Masculinity In Dracula

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1. Introduction
For most people the word vampire is connected to blood-drinking creatures that wander through the night and hunt down defenceless victims in order to drain their blood. Many might have monstrous figures in mind that come straight out of horror films, or maybe some others imagine a romanticised version, i.e., the protagonist Edward Cullen, from Twilight. In sum, for the majority, vampires represent blood sucking creatures that exist in fantasy, horror, and romance, but are left to be in fictional realms of literature and movies. Vampires are far more than fictional characters in films, or books, they represent “metaphors about life and death, sexuality and gender, cultural identities, and even political ideologies” (Hobson and Anyiwo 1). Every depiction of vampires investigates messages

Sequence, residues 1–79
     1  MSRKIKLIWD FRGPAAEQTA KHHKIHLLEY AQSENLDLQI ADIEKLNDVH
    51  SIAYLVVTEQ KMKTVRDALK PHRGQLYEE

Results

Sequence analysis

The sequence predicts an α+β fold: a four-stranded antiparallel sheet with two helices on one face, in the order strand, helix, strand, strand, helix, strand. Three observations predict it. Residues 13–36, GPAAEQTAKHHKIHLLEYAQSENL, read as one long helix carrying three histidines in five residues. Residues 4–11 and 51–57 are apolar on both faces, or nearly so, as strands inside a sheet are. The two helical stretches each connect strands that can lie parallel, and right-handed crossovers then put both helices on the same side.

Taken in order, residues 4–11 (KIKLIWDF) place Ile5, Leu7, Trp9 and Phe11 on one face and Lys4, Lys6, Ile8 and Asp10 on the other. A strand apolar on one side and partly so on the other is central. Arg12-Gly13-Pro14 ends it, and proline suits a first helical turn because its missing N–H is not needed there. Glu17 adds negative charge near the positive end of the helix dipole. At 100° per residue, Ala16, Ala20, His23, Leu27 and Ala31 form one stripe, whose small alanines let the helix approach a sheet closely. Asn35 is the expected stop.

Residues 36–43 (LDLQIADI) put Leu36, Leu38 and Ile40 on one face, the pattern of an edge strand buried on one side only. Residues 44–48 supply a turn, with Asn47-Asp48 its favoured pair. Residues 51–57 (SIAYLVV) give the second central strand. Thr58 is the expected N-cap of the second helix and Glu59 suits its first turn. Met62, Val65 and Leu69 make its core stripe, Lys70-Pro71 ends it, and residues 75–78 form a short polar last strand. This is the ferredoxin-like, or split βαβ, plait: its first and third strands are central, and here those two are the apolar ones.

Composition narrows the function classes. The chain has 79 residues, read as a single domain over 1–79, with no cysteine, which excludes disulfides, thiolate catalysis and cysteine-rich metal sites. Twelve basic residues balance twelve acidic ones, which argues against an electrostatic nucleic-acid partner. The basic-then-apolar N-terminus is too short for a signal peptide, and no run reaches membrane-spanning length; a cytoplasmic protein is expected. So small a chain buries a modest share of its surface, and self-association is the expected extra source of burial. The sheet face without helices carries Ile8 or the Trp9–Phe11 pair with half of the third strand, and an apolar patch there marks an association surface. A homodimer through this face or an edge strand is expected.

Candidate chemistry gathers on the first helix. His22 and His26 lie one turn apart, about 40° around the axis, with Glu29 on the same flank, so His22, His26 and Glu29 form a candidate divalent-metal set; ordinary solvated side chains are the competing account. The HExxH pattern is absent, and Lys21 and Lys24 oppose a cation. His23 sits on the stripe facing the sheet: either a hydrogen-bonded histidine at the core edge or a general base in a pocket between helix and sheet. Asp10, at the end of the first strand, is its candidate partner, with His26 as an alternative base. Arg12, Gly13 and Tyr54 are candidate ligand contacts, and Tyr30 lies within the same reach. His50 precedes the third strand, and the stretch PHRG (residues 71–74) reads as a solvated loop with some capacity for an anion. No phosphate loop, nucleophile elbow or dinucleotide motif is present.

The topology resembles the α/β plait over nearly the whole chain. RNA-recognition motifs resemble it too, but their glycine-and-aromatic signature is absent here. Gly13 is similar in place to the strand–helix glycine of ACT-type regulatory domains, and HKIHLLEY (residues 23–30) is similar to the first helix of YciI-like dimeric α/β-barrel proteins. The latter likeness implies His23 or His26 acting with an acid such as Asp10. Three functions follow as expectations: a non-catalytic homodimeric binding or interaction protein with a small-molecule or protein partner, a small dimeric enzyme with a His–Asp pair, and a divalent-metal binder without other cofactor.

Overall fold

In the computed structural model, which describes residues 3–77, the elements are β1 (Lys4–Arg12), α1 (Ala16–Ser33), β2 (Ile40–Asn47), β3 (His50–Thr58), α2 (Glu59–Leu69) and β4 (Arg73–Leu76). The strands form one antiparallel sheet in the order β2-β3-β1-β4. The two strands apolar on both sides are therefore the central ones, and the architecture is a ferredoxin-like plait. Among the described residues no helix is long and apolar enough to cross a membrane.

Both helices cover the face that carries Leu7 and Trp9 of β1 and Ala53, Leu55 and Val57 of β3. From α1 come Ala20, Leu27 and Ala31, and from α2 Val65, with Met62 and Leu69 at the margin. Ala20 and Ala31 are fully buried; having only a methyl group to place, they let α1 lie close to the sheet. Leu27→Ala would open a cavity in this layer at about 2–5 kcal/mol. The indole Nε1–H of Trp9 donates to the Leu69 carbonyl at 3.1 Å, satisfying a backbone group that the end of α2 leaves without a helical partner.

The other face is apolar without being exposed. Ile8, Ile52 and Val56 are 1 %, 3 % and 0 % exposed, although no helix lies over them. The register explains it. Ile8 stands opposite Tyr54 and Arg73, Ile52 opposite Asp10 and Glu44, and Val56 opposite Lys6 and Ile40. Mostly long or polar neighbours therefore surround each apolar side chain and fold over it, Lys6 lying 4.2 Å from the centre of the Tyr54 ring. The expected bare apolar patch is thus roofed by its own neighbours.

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Moreover, this is detectable in many, or maybe all languages today and in past ages. Hence, regarding the usage and etymology of masculine, it is clear that it is deeply connected to the concept of gender (Martin and Finn 1). Furthermore, masculinity comprises languages, behaviors, and practices that exist in certain organizational and cultural locations, which are normally identified with males. Therefore, masculinity exists as a positive, “in as much as they offer some means of identity signification for males,” as well as a negative, “in as much as they are not the ‘Other’ (Feminine)” (Itulua-Abumere 42). According to Prof. Clatterbaugh and Dr. Whitehead, male behaviors and masculinity are not just a simple product of biological predispositions or genetic coding. All societies around the world have the cultural concept of gender, but some of them do not have the idea of masculinity. The modern usage of masculinity usually describes the behaviors that result from the

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